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Solar storm hits Earth but no major problems
DENVER -- A geomagnetic storm spawned by a giant eruption of gas on the sun reached the Earth's upper atmosphere on Friday, interfering with high-frequency airline communications but causing no major problems, federal officials said.
The storm was expected to be most severe Friday, although experts said it would last for up to two weeks.
"This is not a super solar storm," said Larry Combs, a space weather forecaster with the National Oceanic and Atmospheric Administration's Space Environment Center in Boulder.
So far, the storm has interfered with airline communications and radio communications for teams on Mount Everest, Combs said. But problems were not widespread.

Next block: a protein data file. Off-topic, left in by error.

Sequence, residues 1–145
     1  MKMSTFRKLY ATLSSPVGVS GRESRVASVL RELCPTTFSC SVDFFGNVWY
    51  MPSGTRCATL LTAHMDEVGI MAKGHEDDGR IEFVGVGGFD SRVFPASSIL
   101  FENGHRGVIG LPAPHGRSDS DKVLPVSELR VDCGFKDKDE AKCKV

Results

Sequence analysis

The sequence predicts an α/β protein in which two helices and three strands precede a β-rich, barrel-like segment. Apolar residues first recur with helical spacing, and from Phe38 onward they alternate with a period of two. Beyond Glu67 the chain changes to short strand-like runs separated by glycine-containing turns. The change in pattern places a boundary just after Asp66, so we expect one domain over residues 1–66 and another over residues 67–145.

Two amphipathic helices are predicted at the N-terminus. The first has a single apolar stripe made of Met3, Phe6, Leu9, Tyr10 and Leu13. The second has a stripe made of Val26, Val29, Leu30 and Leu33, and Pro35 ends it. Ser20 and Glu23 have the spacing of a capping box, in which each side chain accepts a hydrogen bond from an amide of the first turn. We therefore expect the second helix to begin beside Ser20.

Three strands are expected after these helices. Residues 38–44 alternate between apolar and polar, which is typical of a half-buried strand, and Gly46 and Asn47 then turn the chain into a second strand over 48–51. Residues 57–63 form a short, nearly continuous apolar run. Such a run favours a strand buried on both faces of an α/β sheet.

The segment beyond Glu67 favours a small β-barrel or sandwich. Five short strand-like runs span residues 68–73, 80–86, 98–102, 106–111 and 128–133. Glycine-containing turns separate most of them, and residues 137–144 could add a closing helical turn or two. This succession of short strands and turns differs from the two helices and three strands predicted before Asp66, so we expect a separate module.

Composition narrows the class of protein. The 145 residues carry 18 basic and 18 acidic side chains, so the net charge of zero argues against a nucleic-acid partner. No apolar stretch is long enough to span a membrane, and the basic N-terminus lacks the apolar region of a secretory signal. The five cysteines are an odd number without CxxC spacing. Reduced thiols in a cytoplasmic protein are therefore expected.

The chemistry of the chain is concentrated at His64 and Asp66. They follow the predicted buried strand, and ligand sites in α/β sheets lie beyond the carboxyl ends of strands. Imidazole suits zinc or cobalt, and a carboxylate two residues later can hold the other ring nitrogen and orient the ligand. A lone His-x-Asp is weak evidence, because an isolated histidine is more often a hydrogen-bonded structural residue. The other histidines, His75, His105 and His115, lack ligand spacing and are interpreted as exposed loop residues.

The storm, called a "coronal mass ejection," is a mass of solar gas that swept toward Earth at 2 million mph. The usual cycle for such a storm is every 11 years; this one was expected to hit three years ago.
"It is kind of like a snowstorm in June in Colorado," Combs said.
Combs said power companies have been notified and were taking precautions to avoid voltage problems and blackouts.
"We will be watching our transmission system very closely 24 hours a day," said Steve Roalstead, spokesman for Xcel Energy, a major Western power provider.
The storm's most visible effect will be the beautiful shimmering light displays, called auroras, that are visible to the naked eye right after dark, said Dale Gary, professor of physics at the New Jersey Institute of Technology.
On the Net:
Space Environment Center: http://www.sec.noaa.gov